Midsize law firms are lagging behind both their larger and smaller competitors when it comes to fostering a diverse workplace. The good news is that they appear uniquely positioned to show real improvements if they choose to do so, according to diversity experts.
At law firms with between 101 and 250 attorneys, just 4.65 percent of partners belonged to minority groups, according to 2011 numbers compiled by NALP, formerly the National Association for Law Placement. Minorities represented 15.05 percent of associates. In both categories, midsize firms had lower minority percentages than law firms of any other size.
Despite their low numbers, midsize firms are well positioned to make improvements, said Kendra Brown, chairwoman of the National Black Law Students Association. On the one hand, they are big enough to provide a pool of diverse attorneys to promote mentorship, she said. On the other, they are small enough to foster a sense of community and inclusion.
"They tend to be more regionally specific," Brown said. "Larger law firms have a larger budget for networking across the country, but it would be easier for regional firms to have more networking relationships among students and alumni. They have the immediate impact on their schools in the region."
Compare the midsize numbers to two other categories of law firms: At firms with between 251 and 500 lawyers, 6.26 percent of partners were from minority groups, and 18.21 percent of associates, according to NALP. At firms with fewer than 100 lawyers, minorities equaled 6.5 percent of partners and 15.38 percent of associates.
The biggest firms posted the highest diversity numbers. At those with 701 or more attorneys, 7.8 percent of partners belonged to minority groups and 22.9 percent of associates.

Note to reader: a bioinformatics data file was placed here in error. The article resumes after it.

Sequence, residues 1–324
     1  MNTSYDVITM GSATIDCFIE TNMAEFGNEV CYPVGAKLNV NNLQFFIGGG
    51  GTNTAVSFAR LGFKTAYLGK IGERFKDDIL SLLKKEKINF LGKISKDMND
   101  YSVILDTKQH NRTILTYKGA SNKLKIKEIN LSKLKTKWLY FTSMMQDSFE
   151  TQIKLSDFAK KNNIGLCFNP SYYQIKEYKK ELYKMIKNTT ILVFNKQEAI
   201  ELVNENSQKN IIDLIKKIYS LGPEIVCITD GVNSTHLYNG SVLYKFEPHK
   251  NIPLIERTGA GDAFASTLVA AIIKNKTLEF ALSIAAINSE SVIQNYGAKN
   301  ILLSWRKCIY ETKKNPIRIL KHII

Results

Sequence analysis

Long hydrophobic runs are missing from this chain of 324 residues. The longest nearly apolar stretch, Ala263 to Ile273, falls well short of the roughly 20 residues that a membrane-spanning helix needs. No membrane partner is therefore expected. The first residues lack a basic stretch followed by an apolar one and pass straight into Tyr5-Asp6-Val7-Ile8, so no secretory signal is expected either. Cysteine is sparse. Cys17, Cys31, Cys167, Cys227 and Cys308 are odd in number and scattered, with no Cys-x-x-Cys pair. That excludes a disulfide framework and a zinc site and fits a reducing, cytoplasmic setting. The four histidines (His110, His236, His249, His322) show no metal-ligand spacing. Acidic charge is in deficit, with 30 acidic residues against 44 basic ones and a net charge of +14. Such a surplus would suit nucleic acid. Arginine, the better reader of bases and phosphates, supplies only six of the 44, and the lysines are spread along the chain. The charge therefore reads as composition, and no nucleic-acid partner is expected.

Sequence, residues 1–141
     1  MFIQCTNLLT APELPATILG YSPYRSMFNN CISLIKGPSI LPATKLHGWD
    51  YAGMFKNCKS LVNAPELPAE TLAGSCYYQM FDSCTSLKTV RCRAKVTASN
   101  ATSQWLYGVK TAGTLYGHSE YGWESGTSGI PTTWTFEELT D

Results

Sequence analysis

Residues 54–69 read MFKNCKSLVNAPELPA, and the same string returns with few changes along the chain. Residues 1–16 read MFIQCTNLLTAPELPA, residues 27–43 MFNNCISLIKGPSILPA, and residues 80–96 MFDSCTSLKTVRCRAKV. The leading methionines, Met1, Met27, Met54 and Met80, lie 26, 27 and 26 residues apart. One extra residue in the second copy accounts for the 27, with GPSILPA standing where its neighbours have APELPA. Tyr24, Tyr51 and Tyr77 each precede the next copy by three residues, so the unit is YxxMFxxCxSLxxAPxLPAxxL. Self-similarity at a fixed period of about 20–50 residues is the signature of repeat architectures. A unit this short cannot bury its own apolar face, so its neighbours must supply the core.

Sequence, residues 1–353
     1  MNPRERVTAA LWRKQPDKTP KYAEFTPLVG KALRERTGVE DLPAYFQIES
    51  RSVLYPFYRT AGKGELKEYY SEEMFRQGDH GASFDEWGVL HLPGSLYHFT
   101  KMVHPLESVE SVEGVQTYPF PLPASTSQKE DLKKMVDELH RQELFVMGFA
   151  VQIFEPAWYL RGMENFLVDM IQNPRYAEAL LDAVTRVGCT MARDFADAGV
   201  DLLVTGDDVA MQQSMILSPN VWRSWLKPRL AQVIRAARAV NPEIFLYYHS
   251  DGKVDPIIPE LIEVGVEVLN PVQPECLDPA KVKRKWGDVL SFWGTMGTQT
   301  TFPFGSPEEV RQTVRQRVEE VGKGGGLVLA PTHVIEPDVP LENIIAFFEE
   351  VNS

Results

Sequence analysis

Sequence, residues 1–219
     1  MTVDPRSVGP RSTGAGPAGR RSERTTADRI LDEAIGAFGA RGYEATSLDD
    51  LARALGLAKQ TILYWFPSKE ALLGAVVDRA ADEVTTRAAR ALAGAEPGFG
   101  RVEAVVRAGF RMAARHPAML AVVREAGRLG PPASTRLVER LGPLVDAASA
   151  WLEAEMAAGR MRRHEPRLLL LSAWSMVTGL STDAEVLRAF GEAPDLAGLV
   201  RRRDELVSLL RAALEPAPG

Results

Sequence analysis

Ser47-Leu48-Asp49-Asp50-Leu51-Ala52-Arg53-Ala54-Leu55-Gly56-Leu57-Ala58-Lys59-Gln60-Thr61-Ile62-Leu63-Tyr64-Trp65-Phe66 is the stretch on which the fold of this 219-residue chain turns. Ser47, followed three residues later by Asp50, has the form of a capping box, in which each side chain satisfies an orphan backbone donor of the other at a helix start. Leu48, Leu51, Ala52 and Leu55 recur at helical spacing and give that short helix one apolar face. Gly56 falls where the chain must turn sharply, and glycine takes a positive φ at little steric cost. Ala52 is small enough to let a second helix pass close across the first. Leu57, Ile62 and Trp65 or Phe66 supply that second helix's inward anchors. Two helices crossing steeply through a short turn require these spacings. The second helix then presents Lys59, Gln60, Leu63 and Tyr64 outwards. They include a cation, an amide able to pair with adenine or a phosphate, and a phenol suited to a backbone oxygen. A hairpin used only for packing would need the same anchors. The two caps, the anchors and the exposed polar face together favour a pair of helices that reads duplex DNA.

Part of the struggle for some midsize firms when competing with larger firms for diverse hires is the latter's proximity to major urban areas, said Scott Murphy, managing partner of Hartford, Conn.-based Shipman & Goodwin, which has about 145 attorneys. Especially on the East Coast, midsize firms in smaller cities lose out when vying for top-performing minority applicants from strong schools, who often prefer bigger cities, he said. "There are larger, more diverse professional communities in those places." Starting salaries are higher in big cities, too.
As for midsize firms performing worse than smaller firms, Murphy couldn't explain the reason. In fact, "there's not a single explanation," said James Leipold, executive director of NALP. The location of firms, he said, plays a major part, and with small firms the addition or loss of even one minority attorney means a big change in terms of percentages.
Some midsize firms, including those that enjoy the benefit of big-city demographics, are making good progress. At Chicago-based Brinks Hofer Gilson & Lione, which has 134 attorneys, more than 18 percent of the attorneys belong to minority groups, according to the Vault/MCCA Law Firm Diversity Database for 2012. Those percentages include ethnicity, sexual orientation and disability and account for partners, associates and of counsel positions.
Fifteen of Brinks Hofer's 48 associates are minorities, as are 10 of its 78 equity partners. Among partners, one is African-American, two are Hispanic, five are Asian and two are openly gay or lesbian. The firm focuses on intellectual property law.